Healthy GI

Healthy GI

Butter is bad for you. Butter’s better than margarine.

Red meat’s bad – eat soya. Most soya is genetically modified. You don’t know what problems that might cause.

Advice on what is or isn’t healthy to eat is highly confusing and contradictory. But there is one concept that makes good sense, is very easy to apply and is healthy for all of us. That is the glycaemic index, or GI for short.

Many things that we eat cause a release of glucose into the bloodstream. The pancreas then releases insulin to maintain balance. If a large amount of glucose is released the pancreas responds with a large amount of insulin. The result is an initial sugar high followed by a sugar low. This yo yo-ing can feel uncomfortable and is unhealthy in the long term.

The glycaemic index is a scientific measure of the rate at which a food releases glucose. A true Low GI food releases glucose slowly and steadily into the bloodstream without overstimulating the pancreas to produce too much insulin.

By using the GI concept we can maintain steady levels of blood glucose. If we combine that with low-fat foods then blood pressure, cholesterol and weight levels can all improve as well. The Heart Foundation of SA recommends it as a healthy, normal way of eating for the whole family.

Leo and I have eaten this way since the early 2000’s. We started because both of us often experienced low blood sugar episodes. Nowadays it is rare that we have that experience of a sugar low when you struggle to think clearly and concentrate, maybe sweat or just feel tired.

Last week when speaking to my homeopath he stated that we should all probably eat in this manner just for general good health.

Now you know what GI is and why using it is good for you, how do you do it?
The idea is to adjust your choice of food so as to eat more low GI and less high GI foods.

Finding low GI foods is quite simple. Just changing the brand you buy or the variant you use is often sufficient.

Here are a few examples –
When buying breakfast cereals or breads many of them tell you on the packaging if they are “low GI”. If not then slowly become familiar with what is. If it’s All Bran Flakes you want then buy Bokomo or Spar, if oats then buy Bokomo, Spar, Pick n Pay or Woolies brands. And the wholewheat variety of Pronutro as well as the multi grain version of Provita biscuits are both low GI. By the way the so called slimmer’s cereal of Special K is a high GI cereal. This means that you feel hungry again quite quickly after eating it. A bowl of Bokomo All Bran Flakes and some plain yoghurt will keep you satisfied for much longer.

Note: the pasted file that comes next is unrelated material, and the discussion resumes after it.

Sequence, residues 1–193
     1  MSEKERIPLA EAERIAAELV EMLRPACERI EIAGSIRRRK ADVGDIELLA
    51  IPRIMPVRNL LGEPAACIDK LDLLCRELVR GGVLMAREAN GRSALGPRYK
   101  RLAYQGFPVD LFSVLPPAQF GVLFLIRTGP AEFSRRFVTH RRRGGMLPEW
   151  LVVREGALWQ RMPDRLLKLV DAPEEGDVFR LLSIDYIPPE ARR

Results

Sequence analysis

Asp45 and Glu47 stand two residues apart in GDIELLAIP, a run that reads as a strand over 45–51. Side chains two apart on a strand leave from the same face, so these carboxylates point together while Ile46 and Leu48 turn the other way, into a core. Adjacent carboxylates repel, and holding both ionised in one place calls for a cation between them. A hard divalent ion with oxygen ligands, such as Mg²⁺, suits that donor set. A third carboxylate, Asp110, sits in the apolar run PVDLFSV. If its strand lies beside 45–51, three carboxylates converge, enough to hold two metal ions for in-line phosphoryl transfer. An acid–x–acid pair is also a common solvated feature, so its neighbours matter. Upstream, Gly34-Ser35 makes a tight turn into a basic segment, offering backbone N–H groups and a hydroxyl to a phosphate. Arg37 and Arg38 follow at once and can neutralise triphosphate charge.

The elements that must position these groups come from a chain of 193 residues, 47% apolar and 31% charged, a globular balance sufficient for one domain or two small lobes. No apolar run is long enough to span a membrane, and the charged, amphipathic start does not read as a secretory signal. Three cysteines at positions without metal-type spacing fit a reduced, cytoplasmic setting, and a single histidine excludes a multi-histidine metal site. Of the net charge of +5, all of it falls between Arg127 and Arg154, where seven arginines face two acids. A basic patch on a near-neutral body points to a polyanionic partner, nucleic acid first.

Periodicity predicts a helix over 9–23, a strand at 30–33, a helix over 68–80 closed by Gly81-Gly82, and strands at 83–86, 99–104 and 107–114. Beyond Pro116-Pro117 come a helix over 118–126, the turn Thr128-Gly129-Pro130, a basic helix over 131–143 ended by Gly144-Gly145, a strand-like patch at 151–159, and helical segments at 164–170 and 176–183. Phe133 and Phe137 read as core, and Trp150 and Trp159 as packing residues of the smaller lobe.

Most white and brown rice is low GI and Basmati is intermediate. Pasta made from dhurum wheat is great and baby potatoes in their skins are both delicious as well as low on the GI scale.

Most fruits and vegetables are naturally low GI. And all meats, fish and chicken as well as eggs. Also the dairy protein sources like low fat milk, yoghurt or cheese.

How our bodies react to food depends on chemistry so combining foods correctly lowers the GI. Adding milk or strangely enough sugar to cereals lowers the GI so Strawberry pops have a lower reading than Rice Krispies. Another funny one is cooking and then allowing something to cool often lowers the GI. This works with pap and custard.

Generally the simple mixing of a high GI item with a low one will bring the value down to the average. In general combining protein with carbohydrate moderates the body’s response.

To get a more detailed understanding of the GI concept you can go to the website There is also a range of recipe books all containing low GI, low fat recipes. The first one was called Eating for Sustained Energy. All are coauthored by Gabi Steenkamp.

To sum up why it is beneficial to adjust one’s eating in this way. It helps one generally feel well with good energy levels and in the long run reduces one’s risk for lifestyle diseases like diabetes, high blood pressure and cholesterol.
And best of all it is really simple to get started and it easily becomes a normal way of life.

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